Phacoemulsification surgery is the most widely used technique for cataract surgery due to its good visual outcomes 1. However, long-term postoperative complications due to different intraocular lens (IOL) materials and designs can affect budgets and impair the efficiency of implementing this procedure in public healthcare systems 2,3. Given the large number of cataract surgeries being conducted, even small differences in costs per surgery add up to larger amounts in total cost to the healthcare system 4.

Ioflex (Mediphacos, Belo Horizonte, MG, Brazil) is a low-cost hydrophilic acrylic IOL commonly used in community programs for cataract surgery for underprivileged people 2. This IOL has been marketed for more than 15 years and has been approved by the national health agencies in several countries in Europe, Asia, and Latin America. An efficient IOL should produce good results with low cost. Reports indicate post-surgical complications related to the Ioflex IOL 2,5 and suggest that health managers must base their actions on clinical evidence of its efficiency 6. Thus, for the first time, this study evaluates the long-term efficiency of cataract surgery using the Ioflex IOL.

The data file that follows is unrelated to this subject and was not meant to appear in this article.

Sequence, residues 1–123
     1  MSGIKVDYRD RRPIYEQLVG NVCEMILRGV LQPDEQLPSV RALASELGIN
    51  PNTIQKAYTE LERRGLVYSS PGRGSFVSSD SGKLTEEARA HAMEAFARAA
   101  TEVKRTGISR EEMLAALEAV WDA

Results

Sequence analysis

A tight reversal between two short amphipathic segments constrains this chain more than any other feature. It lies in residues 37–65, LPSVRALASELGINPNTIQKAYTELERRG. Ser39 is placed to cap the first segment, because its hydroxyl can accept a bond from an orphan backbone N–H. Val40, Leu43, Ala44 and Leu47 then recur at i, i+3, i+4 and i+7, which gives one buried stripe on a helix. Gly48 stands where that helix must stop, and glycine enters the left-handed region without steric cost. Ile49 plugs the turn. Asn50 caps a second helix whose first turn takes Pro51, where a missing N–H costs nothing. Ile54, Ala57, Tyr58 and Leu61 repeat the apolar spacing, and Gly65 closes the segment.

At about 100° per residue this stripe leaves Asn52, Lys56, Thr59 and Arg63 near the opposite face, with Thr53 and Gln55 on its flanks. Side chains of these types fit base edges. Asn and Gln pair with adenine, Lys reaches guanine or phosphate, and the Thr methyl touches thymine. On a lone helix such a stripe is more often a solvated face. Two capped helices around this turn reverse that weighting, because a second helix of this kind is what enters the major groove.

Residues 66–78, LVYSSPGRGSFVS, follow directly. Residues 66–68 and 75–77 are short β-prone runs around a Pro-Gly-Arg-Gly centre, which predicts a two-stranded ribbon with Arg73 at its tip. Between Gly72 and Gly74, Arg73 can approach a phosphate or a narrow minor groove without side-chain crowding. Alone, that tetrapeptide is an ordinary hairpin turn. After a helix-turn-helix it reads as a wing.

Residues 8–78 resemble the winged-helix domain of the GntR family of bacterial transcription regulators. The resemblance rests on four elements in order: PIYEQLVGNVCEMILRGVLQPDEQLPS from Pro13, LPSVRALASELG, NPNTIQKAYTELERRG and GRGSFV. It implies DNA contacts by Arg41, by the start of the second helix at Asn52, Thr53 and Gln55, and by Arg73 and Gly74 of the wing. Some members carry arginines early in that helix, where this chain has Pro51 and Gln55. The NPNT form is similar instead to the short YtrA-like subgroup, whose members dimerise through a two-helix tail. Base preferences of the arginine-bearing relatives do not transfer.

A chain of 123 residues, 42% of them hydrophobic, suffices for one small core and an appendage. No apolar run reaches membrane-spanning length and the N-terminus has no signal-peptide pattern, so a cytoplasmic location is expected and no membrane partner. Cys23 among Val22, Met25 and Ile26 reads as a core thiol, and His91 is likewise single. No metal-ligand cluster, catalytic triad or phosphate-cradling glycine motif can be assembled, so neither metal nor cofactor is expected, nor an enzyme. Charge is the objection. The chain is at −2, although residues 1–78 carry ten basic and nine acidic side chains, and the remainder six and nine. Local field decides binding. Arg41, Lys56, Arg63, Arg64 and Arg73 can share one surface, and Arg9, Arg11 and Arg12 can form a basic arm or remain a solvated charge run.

A sample of 102 subjects was randomly selected from a population of 192 patients who underwent cataract surgery and Ioflex IOL implantation within the past four years without intraoperative complications as part of a community campaign for underprivileged people in Pernambuco, Brazil. The follow-up time ranged from 42 to 48 months postoperatively. The mean follow-up time was 45.6 months. A total of 31 patients could not be located due to either communication difficulties related to geographical distance or patient death. Of the 71 patients located, 13 (18.3%) were not present for examination. Thus, 58 patients were available for examination. To avoid bias, only the right eye was included in the study for patients who underwent cataract surgery in both eyes.